Quality Standards - setting priority areas for quality improvement

NICE quality standards help those working in the health and social care system improve the quality of care they provide. Each quality standard has around 5 statements that aim to drive measurable improvement within a particular area of health or care.

Our quality standards can help providers ensure care is based on the latest evidence and best practice. They also help service providers to quickly and easily examine the performance of their organisation and assess improvement in standards of care they deliver.

This year we issued 34 quality standards on a number of topics that range from osteoarthritis, to reducing the harm from smoking, and challenging behaviour among people with learning disabilities.

A number aimed to prevent premature death by tackling cardiovascular disease and obesity – two of the nation’s biggest health problems.

100th quality standard launched – advice on preventing CVD

In September 2015, we published our 100th quality standard on the prevention of cardiovascular disease (CVD). The quality standard aims to help health professionals prevent thousands of people from becoming ill and dying prematurely from heart attacks, strokes and peripheral arterial disease.

Although fewer people are dying as a result of CVD, it is still the leading cause of death in England and Wales. In 2010, 180,000 people died from CVD – around 80,000 of these deaths were caused by coronary heart disease and 49,000 were caused by strokes. Of the 180,000 deaths, 46,000 occurred in people aged 75 years or younger, and 70% of those were in men.

The quality standard includes 9 statements aimed at healthcare professionals caring for people in danger of developing CVD, or who already have CVD. These include:

  • Adults with a 10-year risk of CVD exceeding 10% receive advice on lifestyle changes before any offer of drug intervention.
  • Adults with a 10-year risk of CVD exceeding 10% are assessed for secondary causes before any offer of statin therapy.

Professor Anthony Wierzbicki, Consultant in Metabolic Medicine/Chemical Pathology, and specialist member of the committee that developed the standard said: “Cardiovascular disease remains the greatest cause of mortality in the UK. This quality standard highlights the need for comprehensive risk assessment to identify those individuals at risk.

“It highlights the need to intervene at an early stage on lifestyle-related factors for cardiovascular disease (e.g. smoking) and to identify and treat secondary causes of raised lipids (e.g obesity and excess alcohol intake). If these interventions are unsuccessful, healthcare professionals and patients should discuss the merits of statin therapy for reducing the risks of heart attack and stroke.”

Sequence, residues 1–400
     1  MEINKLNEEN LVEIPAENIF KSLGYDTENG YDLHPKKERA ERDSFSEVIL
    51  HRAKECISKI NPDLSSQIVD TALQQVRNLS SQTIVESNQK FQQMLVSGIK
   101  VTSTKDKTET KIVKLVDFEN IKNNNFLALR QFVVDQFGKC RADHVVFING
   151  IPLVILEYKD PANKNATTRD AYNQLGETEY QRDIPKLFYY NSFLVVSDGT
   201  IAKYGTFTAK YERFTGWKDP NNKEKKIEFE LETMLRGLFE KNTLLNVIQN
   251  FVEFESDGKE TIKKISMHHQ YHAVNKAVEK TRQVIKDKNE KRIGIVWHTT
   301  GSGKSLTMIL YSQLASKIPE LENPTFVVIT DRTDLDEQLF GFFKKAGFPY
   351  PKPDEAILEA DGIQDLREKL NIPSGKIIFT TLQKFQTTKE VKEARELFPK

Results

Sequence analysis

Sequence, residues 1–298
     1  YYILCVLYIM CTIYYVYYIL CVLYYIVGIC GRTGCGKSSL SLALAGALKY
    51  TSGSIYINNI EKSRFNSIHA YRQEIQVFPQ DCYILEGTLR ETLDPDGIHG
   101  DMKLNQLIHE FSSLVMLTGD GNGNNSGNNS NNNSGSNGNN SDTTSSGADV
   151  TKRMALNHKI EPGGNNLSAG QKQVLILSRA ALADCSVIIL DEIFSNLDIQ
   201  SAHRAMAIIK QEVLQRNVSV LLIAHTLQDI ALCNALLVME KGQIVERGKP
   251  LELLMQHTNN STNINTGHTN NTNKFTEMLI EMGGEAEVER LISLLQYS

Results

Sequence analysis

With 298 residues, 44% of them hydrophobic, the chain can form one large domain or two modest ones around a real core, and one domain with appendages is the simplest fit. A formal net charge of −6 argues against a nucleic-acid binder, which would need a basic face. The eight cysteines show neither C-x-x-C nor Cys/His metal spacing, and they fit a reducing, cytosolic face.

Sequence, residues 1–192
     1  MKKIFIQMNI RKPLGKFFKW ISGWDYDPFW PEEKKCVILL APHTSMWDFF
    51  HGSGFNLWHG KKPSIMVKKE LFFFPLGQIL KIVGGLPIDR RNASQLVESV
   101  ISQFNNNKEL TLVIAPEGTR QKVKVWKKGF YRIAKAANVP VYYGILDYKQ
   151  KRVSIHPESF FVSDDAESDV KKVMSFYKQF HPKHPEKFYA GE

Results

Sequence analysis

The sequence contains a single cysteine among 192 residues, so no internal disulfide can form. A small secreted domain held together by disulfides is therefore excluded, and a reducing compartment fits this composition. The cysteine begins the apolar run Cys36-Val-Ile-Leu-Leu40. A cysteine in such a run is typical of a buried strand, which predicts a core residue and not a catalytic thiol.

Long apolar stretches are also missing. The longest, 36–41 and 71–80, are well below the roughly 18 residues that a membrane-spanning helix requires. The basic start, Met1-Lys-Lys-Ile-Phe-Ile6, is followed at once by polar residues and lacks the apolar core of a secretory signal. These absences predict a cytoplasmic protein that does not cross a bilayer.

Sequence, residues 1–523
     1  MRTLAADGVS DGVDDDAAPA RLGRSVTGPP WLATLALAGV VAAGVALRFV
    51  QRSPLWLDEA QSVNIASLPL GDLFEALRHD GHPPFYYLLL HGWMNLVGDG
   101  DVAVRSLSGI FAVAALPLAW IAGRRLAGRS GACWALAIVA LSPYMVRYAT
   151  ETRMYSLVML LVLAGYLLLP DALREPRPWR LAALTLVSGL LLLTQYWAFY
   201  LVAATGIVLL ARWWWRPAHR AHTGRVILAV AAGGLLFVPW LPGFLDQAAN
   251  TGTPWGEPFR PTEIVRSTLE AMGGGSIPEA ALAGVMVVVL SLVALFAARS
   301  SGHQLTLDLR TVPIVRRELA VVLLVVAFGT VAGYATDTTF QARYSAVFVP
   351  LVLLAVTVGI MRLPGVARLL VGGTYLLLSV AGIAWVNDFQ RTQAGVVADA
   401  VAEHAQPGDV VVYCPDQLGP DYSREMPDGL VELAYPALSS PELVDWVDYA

Help with preventing premature death from strokes and heart attacks

In July 2015, we published a quality standard on a common heart disorder that can increase the risk of strokes.

Atrial fibrillation is thought to affect around 900,000 people in England. It occurs when the electrical impulses controlling the heart rhythm become disorganised, so that the heart beats irregularly and, occasionally, too fast and so cannot pump blood around the body efficiently.

People with AF have a higher risk of having a stroke because the blood can become stagnant and form blood clots. Anticoagulation therapy can help to prevent strokes by reducing the likelihood of a blood clot forming.

The quality standard includes 6 statements aimed at healthcare professionals caring for people in danger of developing, or who already have, AF.

Dr Matthew Fay, a GP and specialist member of the committee that developed the standard, said: “This quality standard brings in to sharp focus the key issue of stroke prevention. In doing so it continues to highlight the need for a change in practice so that everyone with AF is considered for anticoagulation and the quality of that anticoagulation is always kept under review by clinicians and commissioning groups.”

Preventing obesity in children and young people

Childhood obesity is seen as one the most serious global public health challenges for the 21st century. Obese children and young people are at increased risk of developing health problems such as type 2 diabetes. They are also more likely to become obese adults

For children, being overweight or obese can also result in self-esteem issues and a lower quality of life that can ultimately lead to depression.

In 2013/14 in England, more than 1 in 5 children aged 4 to 5 years at the start of primary school were overweight or obese rising to more than 1 in 3 among children aged 10 to 11 years.

Our quality standard on obesity in children and young people contains 8 statements that together aim to prevent them from becoming overweight or obese.

The standard calls for:

  • local authorities and NHS venues to use vending machines where children and
  • young people can buy healthy food and drink options
  • nutritional information to be displayed on menus at local authority and NHS venues
  • placing healthy options prominently in local authority and NHS venues

Professor Gill Leng, Deputy Chief Executive of NICE, said: “Lifestyle and weight management programmes can support parents and carers to identify changes that can be made at home to tackle obesity and maintained over the long-term. These changes include healthy eating and getting the whole family to be more active.

“Tackling obesity in children and young people also benefits their future health. Up to 79% of children who are obese in their teens are likely to be obese adults, which can lead to health problems in adulthood such as type 2 diabetes, heart disease and some cancers. The quality statements set out the effective actions that should be taken to prevent and manage obesity in children and young people.”